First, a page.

Archive for science – Page 2

GOP Defies Science - Until a Deadly Virus Pandemic Hovers


Image courtesy Times UK

It is definitely a throwback to the Swine Flu heyday, and raging Republican hypocrisy.

Much as the uncompassionate conservative crowd wants to reverse history and disprove science altogether … when they are physically sick.

The Ebola virus has had some serious competition for news attention, what with Putin, Putin, Putin, the summit in Wales that President Obama attended, Mideast ceasefiring, The Presidential Tan Suit and immigration reform.

A riveting story emerged from the Americans infected or touched by the virus that Ebola keeps busily spreading, mostly on the African continent.

The story of the medical missionary and wife's [the Writebols] experience with deadly Ebola in Africa, where the virus is counting up deaths day by day and Big Pharma got busy on an immunization and a cure. An experimental drug was used to bring her back to a normal life.

From the L.A. Times:

The Writebols had left their North Carolina home last year for missionary work at a clinic in Liberia, where Nancy’s duties included disinfecting staff entering or leaving the Ebola treatment area. After three weeks at Emory, where she said she received amazing care, Writebol was released Aug. 19. She has been spending time with her husband at an undisclosed location.


It must be a nightmare to hear that you've contracted one of the most deadly viral illnesses -- that has no officially ready experimental drugs to try. Teams around the country are now doing their best to come up with a cure, and meanwhile

Writebol described how she fell ill with what she thought was malaria and was treated for that disease in Liberia. As a precaution, she was also tested for Ebola. When the tests showed she had the disease, she said her heart sank.

Her husband came toward her after the diagnosis “to give me a hug,” Writebol said. “I said: ‘David, it’s going to be OK, it’s really going to be OK.’

And she was right.





7th Grader Finds Where Mysterious California Infections Are Coming From


NZ Pohutukawa


People living in Southern California have been falling ill from a mysterious fungus known as Cryptococcus grattii, which can cause deadly infections — particularly in HIV/AIDS patients with compromised immune systems — for years. The fungus is mysterious because it’s hard for scientists to pinpoint exactly where it comes from. Now, researchers, spearheaded by the science…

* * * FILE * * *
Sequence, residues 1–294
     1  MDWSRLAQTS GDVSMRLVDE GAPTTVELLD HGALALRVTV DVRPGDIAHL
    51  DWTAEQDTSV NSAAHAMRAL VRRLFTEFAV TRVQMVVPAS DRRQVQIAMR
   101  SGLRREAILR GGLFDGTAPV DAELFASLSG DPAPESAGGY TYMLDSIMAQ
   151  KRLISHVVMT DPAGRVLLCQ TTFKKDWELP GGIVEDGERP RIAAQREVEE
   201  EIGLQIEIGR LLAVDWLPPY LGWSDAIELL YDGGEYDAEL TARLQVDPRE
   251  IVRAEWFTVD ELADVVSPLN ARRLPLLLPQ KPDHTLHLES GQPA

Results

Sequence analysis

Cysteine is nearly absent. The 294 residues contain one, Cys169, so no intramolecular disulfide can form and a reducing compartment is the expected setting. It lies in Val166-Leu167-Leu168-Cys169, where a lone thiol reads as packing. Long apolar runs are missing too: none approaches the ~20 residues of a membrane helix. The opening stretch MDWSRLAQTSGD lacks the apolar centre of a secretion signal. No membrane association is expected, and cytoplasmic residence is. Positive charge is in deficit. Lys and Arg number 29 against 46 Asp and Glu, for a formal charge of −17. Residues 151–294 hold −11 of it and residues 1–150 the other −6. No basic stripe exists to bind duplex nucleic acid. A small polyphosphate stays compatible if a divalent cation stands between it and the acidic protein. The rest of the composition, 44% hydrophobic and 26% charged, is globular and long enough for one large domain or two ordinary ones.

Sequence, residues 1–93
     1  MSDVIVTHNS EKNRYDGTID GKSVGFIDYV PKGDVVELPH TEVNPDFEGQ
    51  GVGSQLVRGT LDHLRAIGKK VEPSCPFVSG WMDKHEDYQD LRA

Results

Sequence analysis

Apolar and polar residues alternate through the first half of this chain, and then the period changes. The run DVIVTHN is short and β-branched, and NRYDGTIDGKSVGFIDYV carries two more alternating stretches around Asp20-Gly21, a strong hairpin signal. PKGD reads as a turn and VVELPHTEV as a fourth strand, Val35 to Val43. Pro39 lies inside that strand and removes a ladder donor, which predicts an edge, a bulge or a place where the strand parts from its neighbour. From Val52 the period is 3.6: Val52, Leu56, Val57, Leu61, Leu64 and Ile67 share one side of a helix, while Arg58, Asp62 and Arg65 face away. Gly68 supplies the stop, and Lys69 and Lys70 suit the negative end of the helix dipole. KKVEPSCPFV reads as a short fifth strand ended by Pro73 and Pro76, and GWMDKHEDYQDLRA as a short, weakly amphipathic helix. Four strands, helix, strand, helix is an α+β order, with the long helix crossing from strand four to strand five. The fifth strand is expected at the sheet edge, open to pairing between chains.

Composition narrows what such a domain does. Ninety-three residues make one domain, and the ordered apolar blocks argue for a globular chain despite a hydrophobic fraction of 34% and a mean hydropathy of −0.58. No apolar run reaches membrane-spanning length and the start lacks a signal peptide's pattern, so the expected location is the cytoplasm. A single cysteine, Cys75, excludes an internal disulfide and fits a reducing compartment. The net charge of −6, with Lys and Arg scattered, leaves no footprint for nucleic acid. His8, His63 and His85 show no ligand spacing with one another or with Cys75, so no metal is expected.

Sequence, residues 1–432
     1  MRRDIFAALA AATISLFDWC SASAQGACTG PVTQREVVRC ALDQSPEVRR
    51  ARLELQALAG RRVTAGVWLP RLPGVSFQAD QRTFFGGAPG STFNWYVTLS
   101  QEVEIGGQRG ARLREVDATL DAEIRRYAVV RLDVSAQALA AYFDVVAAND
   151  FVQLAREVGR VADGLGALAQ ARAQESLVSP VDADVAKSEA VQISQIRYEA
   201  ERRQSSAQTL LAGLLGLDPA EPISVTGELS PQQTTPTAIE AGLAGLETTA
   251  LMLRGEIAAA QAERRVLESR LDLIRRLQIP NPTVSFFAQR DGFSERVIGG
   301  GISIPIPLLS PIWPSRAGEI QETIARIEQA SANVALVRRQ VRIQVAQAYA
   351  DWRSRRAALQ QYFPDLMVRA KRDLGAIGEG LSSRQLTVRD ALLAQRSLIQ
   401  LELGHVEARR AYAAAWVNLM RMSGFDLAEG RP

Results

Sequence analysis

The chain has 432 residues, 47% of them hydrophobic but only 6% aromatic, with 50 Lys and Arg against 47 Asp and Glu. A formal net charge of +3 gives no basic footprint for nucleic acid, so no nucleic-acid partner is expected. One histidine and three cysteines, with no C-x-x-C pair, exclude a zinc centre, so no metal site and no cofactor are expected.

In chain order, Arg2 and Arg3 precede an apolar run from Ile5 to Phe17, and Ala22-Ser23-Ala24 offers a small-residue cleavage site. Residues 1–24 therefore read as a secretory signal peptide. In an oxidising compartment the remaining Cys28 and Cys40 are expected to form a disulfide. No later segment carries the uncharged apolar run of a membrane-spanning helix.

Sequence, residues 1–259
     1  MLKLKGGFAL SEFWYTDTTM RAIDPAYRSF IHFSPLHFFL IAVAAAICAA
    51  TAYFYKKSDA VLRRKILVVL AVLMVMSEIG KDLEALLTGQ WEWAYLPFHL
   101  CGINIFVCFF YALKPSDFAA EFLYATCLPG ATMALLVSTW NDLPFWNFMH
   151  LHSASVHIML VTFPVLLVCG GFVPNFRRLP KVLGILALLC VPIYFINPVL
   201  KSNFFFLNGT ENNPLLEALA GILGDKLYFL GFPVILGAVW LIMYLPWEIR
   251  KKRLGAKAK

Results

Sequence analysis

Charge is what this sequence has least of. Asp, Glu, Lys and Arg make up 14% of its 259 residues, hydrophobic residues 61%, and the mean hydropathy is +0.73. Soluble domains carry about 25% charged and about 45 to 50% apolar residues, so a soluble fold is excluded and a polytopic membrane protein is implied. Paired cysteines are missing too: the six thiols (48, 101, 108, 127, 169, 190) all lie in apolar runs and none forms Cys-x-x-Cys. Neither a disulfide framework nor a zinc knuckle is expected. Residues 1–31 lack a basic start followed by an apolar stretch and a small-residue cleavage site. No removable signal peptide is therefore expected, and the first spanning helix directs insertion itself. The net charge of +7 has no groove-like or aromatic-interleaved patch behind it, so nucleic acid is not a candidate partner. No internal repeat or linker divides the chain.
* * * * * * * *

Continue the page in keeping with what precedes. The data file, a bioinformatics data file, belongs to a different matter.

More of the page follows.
Talk To The Trees And They Now Will Listen To You


Rain Forest

In 1951 a Broadway musical called Paint Your Wagon with book and lyrics by Alan J. Lerner and music by Frederick Loewe hit the boards. Then, in 1969 it became a successful film with popular songs like "They Call the Wind Mariah" and "Wanderin' Star."

But there was also another tune which Clint Eastwood sang in the movie version: "I Talk To The Trees."

I talk to the trees
But they don't listen to me
I talk to the stars
But they never hear me

Now there's a way to talk to the trees and they WILL listen to you.

According to HuffPo: 

Did you know that Americans throw away 150 million cellphones every year? Well now there's a new way to put some of those old phones to use. A startup called the Rainforest Connection plans to turn old, unwanted Android phones into sophisticated listening devices that can help prevent illegal logging and poaching.

Waste not, want not. So don't just toss away those old phones when you get a new one. Do something good for the environment. Help prevent the destruction of the rain forest. A simple recycling or your old cell can help save the rain forest which in turn helps save our environment.